Search tips
Search criteria 


Logo of nihpaAbout Author manuscriptsSubmit a manuscriptHHS Public Access; Author Manuscript; Accepted for publication in peer reviewed journal;
J Phys Chem B. Author manuscript; available in PMC 2010 October 8.
Published in final edited form as:
PMCID: PMC2891159

Prediction of the Water Content in Protein Binding Sites


An efficient molecular simulation methodology has been developed to determine the positioning of water molecules in the binding site of a protein or protein-ligand complex. Occupancies and absolute binding free energies of water molecules are computed using a statistical thermodynamics approach. The methodology, referred to as JAWS, features “θ-water” molecules that can appear and disappear on a binding-site grid. Key approximations render the technique far more efficient than conventional free energy simulations. Testing of JAWS on five diverse examples (neuraminidase, scytalone dehydratase, major urinary protein 1, β-lactoglobulin, and COX-2) demonstrates its accuracy in locating hydration sites in comparison to results from high-resolution crystal structures. Possible applications include aid in refinement of protein crystal structures, drug lead optimization, setup of docking calculations and simulations of protein-ligand complexes.

Keywords: water in proteins, protein-ligand interactions, protein hydration, free energy simulations


The accurate computation of free energies of binding is a key objective of computer-aided drug design.1,2 A potent ligand usually shows good steric and electrostatic complementary with its receptor, but other factors such as conformational or vibrational entropy,3,4 ligand strain,5 and desolvation,6 play significant roles. The important contribution of the aqueous medium to ligand binding is also apparent from the hydrophobic effect and numerous observations of water mediated protein-ligand interactions in binding sites.7,8 Indeed, the displacement of water molecules in binding sites by judicious ligand modification has emerged as a strategy to optimize lead compounds.9,10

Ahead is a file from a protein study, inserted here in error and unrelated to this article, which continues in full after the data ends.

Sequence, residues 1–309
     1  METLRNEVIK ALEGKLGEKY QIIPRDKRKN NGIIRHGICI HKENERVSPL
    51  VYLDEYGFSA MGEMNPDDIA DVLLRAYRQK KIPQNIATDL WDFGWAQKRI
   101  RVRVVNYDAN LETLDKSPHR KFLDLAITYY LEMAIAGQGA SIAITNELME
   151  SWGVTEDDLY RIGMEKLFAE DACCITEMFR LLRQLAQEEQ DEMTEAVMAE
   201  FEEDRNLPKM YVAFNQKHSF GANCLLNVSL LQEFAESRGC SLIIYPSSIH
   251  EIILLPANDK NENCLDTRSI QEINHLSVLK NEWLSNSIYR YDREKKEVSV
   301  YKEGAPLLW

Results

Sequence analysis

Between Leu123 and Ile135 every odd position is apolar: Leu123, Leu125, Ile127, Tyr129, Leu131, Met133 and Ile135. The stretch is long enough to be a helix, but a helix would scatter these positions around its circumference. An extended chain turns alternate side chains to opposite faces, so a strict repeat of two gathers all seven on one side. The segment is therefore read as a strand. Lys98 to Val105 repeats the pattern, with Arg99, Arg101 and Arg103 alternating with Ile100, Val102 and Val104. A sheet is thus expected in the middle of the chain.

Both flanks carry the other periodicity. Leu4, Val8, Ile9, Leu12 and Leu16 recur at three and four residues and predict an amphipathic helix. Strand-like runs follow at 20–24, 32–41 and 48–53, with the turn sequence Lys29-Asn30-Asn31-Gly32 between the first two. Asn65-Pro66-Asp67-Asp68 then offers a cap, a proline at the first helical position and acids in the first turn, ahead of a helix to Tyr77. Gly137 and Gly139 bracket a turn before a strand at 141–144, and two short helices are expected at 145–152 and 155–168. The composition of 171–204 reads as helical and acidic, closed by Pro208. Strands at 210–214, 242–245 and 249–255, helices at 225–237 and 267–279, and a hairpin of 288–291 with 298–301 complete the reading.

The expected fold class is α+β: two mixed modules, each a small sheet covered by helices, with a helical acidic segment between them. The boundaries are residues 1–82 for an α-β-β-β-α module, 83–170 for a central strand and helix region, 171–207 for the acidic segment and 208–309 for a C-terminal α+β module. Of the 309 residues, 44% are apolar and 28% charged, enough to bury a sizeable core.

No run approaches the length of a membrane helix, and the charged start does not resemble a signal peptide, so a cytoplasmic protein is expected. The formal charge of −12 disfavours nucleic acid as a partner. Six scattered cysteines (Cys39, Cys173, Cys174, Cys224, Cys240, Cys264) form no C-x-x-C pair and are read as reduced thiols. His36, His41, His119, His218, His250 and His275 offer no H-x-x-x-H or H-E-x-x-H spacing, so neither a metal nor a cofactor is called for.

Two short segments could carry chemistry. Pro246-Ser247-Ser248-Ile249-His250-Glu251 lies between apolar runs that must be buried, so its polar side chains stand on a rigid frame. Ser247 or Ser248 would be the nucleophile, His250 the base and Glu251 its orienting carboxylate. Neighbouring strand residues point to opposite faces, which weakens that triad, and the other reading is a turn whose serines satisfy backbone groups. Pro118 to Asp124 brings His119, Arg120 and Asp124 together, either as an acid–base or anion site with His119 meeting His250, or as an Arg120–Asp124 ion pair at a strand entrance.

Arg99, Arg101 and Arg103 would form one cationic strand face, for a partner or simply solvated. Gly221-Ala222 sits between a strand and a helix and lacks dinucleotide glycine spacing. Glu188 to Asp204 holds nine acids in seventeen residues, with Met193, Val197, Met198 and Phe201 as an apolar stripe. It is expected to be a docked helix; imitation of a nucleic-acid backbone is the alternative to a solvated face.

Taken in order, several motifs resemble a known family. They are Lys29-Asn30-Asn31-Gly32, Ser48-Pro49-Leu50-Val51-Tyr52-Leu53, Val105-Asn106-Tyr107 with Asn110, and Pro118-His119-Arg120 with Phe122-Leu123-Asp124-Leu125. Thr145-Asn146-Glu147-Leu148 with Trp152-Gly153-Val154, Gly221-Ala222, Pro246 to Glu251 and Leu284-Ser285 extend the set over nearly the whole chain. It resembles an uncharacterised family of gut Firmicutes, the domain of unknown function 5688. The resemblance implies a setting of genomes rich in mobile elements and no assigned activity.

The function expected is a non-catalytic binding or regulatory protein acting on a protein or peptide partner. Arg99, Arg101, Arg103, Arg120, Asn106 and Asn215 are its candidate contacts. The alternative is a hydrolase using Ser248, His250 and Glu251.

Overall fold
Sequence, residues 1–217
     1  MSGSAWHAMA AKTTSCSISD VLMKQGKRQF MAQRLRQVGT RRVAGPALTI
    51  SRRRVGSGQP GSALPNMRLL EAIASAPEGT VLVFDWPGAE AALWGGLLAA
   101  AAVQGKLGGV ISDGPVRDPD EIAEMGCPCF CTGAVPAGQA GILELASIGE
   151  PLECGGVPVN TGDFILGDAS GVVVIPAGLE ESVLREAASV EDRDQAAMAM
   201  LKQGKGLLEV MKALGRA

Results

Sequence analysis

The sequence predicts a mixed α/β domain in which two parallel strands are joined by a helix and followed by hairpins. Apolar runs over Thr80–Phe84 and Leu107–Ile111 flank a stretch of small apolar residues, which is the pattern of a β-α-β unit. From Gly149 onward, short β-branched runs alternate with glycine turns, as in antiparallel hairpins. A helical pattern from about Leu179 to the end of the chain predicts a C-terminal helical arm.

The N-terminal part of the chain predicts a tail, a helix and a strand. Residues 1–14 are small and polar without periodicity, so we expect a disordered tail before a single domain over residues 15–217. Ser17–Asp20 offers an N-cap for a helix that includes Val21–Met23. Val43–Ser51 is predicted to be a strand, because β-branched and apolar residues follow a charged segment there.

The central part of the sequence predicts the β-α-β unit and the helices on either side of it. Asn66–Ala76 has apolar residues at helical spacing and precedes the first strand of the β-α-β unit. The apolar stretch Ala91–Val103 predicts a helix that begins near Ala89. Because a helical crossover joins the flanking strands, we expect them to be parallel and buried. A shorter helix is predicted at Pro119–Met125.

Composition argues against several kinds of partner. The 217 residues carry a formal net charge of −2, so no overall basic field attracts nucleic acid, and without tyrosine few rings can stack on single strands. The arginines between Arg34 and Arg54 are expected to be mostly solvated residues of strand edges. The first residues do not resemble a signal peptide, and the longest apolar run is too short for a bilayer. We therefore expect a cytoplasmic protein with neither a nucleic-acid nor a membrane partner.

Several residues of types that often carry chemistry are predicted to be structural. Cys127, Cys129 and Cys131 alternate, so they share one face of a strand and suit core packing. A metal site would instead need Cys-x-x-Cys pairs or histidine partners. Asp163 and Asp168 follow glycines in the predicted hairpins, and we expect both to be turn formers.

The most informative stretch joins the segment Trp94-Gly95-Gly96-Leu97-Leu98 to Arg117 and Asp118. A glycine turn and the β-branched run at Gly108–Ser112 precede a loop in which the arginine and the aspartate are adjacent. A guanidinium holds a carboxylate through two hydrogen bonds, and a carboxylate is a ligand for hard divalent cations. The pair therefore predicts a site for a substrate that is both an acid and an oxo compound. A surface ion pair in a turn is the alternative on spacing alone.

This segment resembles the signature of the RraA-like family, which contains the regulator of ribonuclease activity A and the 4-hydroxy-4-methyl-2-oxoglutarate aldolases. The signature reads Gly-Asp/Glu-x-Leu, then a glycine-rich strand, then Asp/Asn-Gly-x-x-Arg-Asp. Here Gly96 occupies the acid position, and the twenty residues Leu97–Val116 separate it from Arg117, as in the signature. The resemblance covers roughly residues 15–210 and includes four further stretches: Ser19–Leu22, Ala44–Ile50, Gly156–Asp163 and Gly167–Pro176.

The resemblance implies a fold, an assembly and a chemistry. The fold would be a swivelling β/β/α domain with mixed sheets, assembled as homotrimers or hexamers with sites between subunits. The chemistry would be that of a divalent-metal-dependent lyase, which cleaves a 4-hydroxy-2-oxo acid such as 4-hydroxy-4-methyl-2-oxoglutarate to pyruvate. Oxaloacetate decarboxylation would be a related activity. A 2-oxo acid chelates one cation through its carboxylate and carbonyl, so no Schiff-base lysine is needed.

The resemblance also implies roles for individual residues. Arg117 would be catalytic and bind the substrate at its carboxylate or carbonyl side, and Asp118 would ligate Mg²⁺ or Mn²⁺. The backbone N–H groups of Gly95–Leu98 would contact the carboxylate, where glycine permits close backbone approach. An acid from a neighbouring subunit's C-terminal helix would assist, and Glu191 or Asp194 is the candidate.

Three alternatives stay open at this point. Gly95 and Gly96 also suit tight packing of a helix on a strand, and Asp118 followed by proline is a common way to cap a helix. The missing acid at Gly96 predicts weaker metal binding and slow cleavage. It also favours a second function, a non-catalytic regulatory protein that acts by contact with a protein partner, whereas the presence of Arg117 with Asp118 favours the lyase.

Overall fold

Implicit solvent theories can be used to model successfully the effect of bulk desolvation in protein-ligand binding,1113 but they do not account for specific water-ligand interactions. Indeed, explicit consideration of a few water molecules in the vicinity of a ligand has been shown to improve the quality of predictions from docking algorithms.1417 Given that information about the locations of hydration sites is often missing in docking exercises, or uncertain due to difficulties in resolving water molecules by crystallography,1820 alternative computational methodologies have been sought.

Empirical techniques based on interactions energies or QSAR descriptors have been reported.2124 While rapid, these techniques are often of limited accuracy or suffer from lack of transferability. For instance, the method CMIP has been reported to overestimate the number of hydration sites, possibly because it neglects entropic contributions to the affinity of a water molecule for a given site.22,25 Alternatively, Monte Carlo (MC) or molecular dynamics (MD) simulation can be conducted to equilibrate the water distribution in a binding site. In particular, Lazaridis and Li have used MD simulations and inhomogeneous fluid solvation theory to evaluate the binding enthalpies and entropies for interfacial water molecules in protein-ligand complexes.26 The approach has been significantly extended to both locate all water molecules in a protein binding site and evaluate the favorability of their displacement.27,28 Again, such information is expected to be useful for ligand design and optimization.9 A major problem with MC/MD approaches is that diffusion of water molecules in and out of cavities at the protein interface can be excessively slow. Depending on the nature of the binding site, it may be impossible using standard simulation methodologies to obtain results that do not depend markedly on the initial setup.